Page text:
25. 25. Simulated retrieval of a spectral smile and FWHM variation with band number <ul><li>Steps: </li></ul><ul><li>Obtain an estimate of the FWHM multiplier variation as a function of the spectral interval by identifying for each k and n which FWHM multiplier had the best match. </li></ul><ul><li>Fit a line or polynomial with selectable order to the smallest SAM values to find the optimum FWHM multiplier. </li></ul><ul><li>Interpolate the 3-D SAM cube using the FWHM multipliers at each spectral interval index k and spectral shift index n . </li></ul><ul><li>Fit a line or polynomial of selectable order to the smallest SAM values to find the optimum spectral smile. </li></ul>
  26. 26. Conclusions <ul><li>ARTEMISS algorithm uses as the main criterion the RMSE between the measured and simulated at sensor radiance where the emissivity has been smoothed to retrieve temperature and emissivity. </li></ul><ul><li>More than 128 channels are needed to retrieve temperature, emissivities, and atmospheric parameters. </li></ul><ul><li>A good atmospheric correction is a necessary condition to retrieve accurate surface temperatures and emissivities. </li></ul><ul><li>The spectral calibration accuracy is crucial to retrieve reasonable temperatures and emissivities. </li></ul><ul><li>Developed a spectral calibration method which is able to retrieve spectral shifts and FWHM of sensors with more than 128 bands to the required accuracy. </li></ul>
  27. 27. Acknowledgements <ul><li>Our thanks go to Dr. Ronald Lockwood and Dr. Michael Hoke from the Air Force Research Laboratory , Hanscom AFB, MA, which supported this research during the author’s year as a distinguished AFRL National Laboratory Fellow and later under BAA contracts F19628-03-0066 and FA8718-05-C-0065. </li></ul>
  28. 28. References (1) <ul><li>A. Berk , G. P. Anderson, L. S.Bernstein, P. K. Acharya, H. Dothe, M. W. Matthew, S. M. Adler-Golden, J. H. Chetwynd, Jr., S. C. Richtsmeier, B. Pukall, C. L. Allred, L. S. Jeong, and M. L. Hoke, &quot; MODTRAN4 Radiative Transfer Modeling for Atmospheric Correction, &quot; SPIE Proceeding, Optical Spectroscopic Techniques and Instrumentation for Atmospheric and Space Research III, Volume 3756 (1999).  </li></ul><ul><li>Borel, C.C, Iterative Retrieval of Surface Emissivity and Temperature for a Hyperspectral Sensor, First JPL Workshop on Remote Sensing of Land Surface Emissivity, May 6-8, 1997. (available only from authors website http://www.borel.net ) </li></ul><ul><li>Gao, B.-C., M. J. Montes, and C. O. Davis, Refinement of wavelength calibrations of hyper spectral imaging data using a spectrum-matching technique, Remote Sens. Environ. 90, 424-433, 2004. </li></ul><ul><li>Goetz, A.F.H., Kindel, B.C., Ferri, M., Zheng Qu  , HATCH: results from simulated radiances, AVIRIS and Hyperion, IEEE TGARS, 41(6), 1215-1222, 2003. </li></ul><ul><li>Gu, D., A.R. Gillespie, A.B. Kahle, F.D. Palluconi, Autonomous atmospheric compensation (AAC) of high resolution hyperspectral thermal infrared remote-sensing imagery, IEEE TGARS, 38(6), 2557 – 2570, 2000. </li></ul><ul><li>Guanter, L., R. Richter, and J. Moreno, Spectral calibration of hyperspectral imagery using atmospheric absorption features, Applied Optics, 45(10), 2360-2370, 2006. </li></ul>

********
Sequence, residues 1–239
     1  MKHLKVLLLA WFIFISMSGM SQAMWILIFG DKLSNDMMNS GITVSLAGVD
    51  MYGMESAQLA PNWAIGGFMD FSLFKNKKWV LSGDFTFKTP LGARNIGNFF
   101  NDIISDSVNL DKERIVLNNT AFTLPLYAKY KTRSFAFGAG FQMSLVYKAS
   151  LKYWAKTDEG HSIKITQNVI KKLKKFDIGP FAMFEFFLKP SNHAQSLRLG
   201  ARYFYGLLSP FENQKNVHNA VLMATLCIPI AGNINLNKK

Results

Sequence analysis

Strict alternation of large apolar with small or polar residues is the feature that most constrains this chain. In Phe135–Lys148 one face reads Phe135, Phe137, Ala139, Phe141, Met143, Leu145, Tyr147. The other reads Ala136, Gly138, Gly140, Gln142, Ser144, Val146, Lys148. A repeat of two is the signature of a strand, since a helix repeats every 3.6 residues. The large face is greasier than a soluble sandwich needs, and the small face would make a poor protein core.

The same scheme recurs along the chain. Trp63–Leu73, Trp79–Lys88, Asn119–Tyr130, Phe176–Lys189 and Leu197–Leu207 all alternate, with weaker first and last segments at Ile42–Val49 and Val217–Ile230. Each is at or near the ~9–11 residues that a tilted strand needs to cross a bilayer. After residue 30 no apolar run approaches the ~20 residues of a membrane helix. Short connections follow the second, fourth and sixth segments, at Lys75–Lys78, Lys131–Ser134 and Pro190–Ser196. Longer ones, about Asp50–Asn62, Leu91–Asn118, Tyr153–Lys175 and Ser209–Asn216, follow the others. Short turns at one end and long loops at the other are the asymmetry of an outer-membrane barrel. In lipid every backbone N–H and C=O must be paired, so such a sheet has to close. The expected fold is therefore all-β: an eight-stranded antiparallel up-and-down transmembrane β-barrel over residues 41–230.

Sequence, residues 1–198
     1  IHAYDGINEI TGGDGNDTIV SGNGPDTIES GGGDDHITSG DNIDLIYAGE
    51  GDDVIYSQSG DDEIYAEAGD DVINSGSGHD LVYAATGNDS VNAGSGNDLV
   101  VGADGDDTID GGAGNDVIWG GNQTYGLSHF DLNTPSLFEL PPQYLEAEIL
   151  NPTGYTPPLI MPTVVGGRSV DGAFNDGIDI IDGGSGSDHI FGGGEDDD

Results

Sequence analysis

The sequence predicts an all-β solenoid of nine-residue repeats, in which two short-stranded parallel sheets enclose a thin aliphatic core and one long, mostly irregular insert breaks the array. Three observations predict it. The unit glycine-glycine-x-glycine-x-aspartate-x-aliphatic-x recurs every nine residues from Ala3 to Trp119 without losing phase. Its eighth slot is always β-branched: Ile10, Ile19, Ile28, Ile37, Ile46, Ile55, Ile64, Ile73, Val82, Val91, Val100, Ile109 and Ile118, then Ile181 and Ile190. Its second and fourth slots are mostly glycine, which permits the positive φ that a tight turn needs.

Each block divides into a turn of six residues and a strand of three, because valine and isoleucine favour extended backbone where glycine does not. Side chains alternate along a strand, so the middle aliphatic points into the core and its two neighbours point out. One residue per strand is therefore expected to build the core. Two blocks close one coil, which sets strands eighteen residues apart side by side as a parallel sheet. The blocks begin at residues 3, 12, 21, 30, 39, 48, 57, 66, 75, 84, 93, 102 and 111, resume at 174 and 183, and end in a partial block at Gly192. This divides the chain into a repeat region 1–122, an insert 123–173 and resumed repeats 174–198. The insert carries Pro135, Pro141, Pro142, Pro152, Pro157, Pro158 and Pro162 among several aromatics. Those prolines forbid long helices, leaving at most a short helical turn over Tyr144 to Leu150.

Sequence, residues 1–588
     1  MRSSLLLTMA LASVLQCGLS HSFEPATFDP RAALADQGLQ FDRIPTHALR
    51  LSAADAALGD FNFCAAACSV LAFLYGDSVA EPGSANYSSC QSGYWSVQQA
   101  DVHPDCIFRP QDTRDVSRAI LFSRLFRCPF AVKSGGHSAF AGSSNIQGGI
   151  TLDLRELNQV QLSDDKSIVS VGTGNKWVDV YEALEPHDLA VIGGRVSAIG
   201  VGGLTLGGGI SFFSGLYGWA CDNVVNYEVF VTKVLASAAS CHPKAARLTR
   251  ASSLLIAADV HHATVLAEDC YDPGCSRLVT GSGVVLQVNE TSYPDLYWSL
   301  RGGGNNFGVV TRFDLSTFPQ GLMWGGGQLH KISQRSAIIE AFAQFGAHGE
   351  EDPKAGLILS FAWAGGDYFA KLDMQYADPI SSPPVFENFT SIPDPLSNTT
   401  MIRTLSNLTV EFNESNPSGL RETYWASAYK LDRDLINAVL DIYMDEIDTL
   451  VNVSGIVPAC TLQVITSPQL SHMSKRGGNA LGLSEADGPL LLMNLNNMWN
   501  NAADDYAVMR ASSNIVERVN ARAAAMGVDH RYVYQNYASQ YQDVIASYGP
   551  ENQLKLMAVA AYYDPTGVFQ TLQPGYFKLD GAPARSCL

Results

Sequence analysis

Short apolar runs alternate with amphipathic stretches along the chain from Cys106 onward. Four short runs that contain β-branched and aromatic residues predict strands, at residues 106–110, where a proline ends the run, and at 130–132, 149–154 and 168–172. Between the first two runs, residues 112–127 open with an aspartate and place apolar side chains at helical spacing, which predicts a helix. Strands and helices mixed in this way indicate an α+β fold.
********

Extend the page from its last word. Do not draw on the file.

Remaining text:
29. 29. References (2) <ul><li>Hook S.J., A.R. Gabell, A.A. Green and P.S. Kealy, A comparison of techniques for extracting emissivity information from thermal infrared data for geologic studies, Remote Sens. Environ., 42, 123-135, 1992. </li></ul><ul><li>Johnson, B.R. and S. J. Young, Inscene Atmospheric Compensation: Application to SEBASS Data at the ARM Site, Aerospace Report No. ATR-99(8407)-1 Parts I and II,(1998). </li></ul><ul><li>Kahle, A.B., D.P. Madura and J.M. Soha, Middle Infrared Multispectral Aircraft Scanner Data: Analysis for Geologic Applications, Applied Optics, 19(14):2279-2290, 1980. </li></ul><ul><li>Matsunaga, T., An Emissivity-Temperature Separation Technique Based on an Empirical Relationship Between Mean and Range of Spectral Emissivity, Proc. 14th Japanese Conf. of Remote Sensing, 47-48, 1993. </li></ul><ul><li>Realmuto, V.J., Separating the Effects of Temperature and Emissivity: Emissivity Spectrum Normalization, Proc. of the Second TIMS Workshop, JPL Publ. 90-55, 31-35, 1990. </li></ul><ul><li>Salisbury, J. W. and D. M. D’Aria, Emissivity of Terrestrial Materials in the 8-14  m Atmospheric Window, Remote Sens. Environ., 42, 83-106, 1992. </li></ul><ul><li>Young, S. J., Detection and Quantification of Gases in Industrial-Stack Plumes Using Thermal-Infrared Hyperspectral Imaging, The Aerospace Corporation Report No. ATR-2002(8407)-1. </li></ul>